The track creator is back from the original title with some improvements. In short, there are subtle additions like ease of use type stuff, which is fine. Track creator 2.0 will feel familiar to those who have used it before, and those who are new can take a look at some in-game tutorials to get comfortable. While there are plenty of venues to race at and enjoy in the game already, having the track creator will always be a favorite of mine. And, as always, the ability to upload creations for others to use is pure gold if you’re into that aspect of things.
What I Don’t Like
Although the developers spoke about delivering an overall better customization experience (and they have for the most part) the rider creator still feels like it is straight out of the late PS1 or early PS2 era. You once again are limited to a handful of faces to choose from, and even fewer body configurations. There are minimal hair options for the head and face, and still, we sit here with no option to upload our own facial image into the game. I get it, our rider wears a helmet most of the time, but there are many times throughout the game that you see your created rider without one, and the option to have someone who slightly resembles yourself would be extremely welcomed.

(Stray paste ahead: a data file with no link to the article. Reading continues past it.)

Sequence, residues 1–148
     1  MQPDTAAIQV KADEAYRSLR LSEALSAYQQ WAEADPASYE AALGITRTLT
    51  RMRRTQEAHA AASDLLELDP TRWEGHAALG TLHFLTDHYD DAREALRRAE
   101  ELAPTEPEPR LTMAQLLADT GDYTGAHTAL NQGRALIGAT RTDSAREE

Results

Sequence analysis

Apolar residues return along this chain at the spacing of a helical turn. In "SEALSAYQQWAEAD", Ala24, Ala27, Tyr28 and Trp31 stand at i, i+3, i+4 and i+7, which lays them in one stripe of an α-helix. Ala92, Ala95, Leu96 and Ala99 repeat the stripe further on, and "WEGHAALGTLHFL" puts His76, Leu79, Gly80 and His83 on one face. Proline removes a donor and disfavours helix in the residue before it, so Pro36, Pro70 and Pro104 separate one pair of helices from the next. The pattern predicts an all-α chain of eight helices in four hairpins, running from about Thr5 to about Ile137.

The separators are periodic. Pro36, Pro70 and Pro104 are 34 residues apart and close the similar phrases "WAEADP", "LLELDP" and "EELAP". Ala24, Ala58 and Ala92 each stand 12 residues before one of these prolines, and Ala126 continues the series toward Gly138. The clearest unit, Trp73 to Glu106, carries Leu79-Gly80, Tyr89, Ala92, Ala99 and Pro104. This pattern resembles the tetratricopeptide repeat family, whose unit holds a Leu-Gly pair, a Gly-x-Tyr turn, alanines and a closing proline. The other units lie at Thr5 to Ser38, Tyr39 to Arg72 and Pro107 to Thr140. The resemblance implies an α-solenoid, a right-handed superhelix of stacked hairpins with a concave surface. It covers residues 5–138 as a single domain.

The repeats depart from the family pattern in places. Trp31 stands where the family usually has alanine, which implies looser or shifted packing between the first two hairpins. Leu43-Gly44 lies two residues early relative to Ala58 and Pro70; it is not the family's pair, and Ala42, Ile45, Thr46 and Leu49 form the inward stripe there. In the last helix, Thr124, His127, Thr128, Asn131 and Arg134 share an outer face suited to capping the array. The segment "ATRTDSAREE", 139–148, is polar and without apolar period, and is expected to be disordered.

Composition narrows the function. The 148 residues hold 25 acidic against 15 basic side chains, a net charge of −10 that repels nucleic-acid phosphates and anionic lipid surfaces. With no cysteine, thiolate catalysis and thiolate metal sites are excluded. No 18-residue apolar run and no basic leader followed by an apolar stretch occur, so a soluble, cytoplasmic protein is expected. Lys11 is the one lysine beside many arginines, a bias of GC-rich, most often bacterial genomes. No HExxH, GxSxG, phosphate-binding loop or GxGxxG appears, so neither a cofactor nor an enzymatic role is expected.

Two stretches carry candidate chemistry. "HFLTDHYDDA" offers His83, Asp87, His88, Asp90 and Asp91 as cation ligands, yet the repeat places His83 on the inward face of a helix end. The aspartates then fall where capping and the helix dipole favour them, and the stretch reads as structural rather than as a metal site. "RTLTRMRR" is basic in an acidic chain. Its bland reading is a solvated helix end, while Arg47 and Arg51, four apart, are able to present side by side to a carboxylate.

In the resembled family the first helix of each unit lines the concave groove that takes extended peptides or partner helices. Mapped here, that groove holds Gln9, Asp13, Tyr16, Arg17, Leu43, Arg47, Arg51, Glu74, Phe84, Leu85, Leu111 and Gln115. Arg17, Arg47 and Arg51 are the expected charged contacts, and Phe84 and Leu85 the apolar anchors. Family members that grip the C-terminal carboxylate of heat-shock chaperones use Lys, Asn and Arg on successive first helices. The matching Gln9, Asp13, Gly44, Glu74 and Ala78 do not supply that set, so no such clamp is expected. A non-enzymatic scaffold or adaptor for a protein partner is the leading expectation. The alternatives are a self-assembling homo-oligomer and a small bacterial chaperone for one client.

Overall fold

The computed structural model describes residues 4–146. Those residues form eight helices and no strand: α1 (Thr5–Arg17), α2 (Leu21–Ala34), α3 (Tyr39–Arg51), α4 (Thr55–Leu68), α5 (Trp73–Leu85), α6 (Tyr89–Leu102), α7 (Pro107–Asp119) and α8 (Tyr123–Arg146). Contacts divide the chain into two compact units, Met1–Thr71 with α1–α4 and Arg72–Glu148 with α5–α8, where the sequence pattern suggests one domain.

Presentation has never been a strong point in Milestones titles, and MESX 2 is no exception. They have made some strides with some new additions here, but still fall short in the presentation department. I want to feel the raw emotion that a rider feels after winning a race, or better yet, a championship. I want to see a celebration that is deserving of such accomplishments, but the best we get in MESX 2 is repetitive podium shots, announcer rhetoric and a singular driver introduction.
While there are some inconsistencies in MESX 2, Milestone has made improvements in almost every area of the title. The gameplay outshines everything else here, and that is never a bad thing. Milestone is one of the most consistent developers in the industry, and the improvements made to MESX 2 do nothing but help solidify that belief in my mind. MESX 2 is a title that delivers both as a single and multiplayer experience, and is deep enough to warrant a long, long run in your rotation. Whether you are new to the series or a veteran of Milestone offerings, you would be doing yourself a disservice by not adding MESX 2 to your library.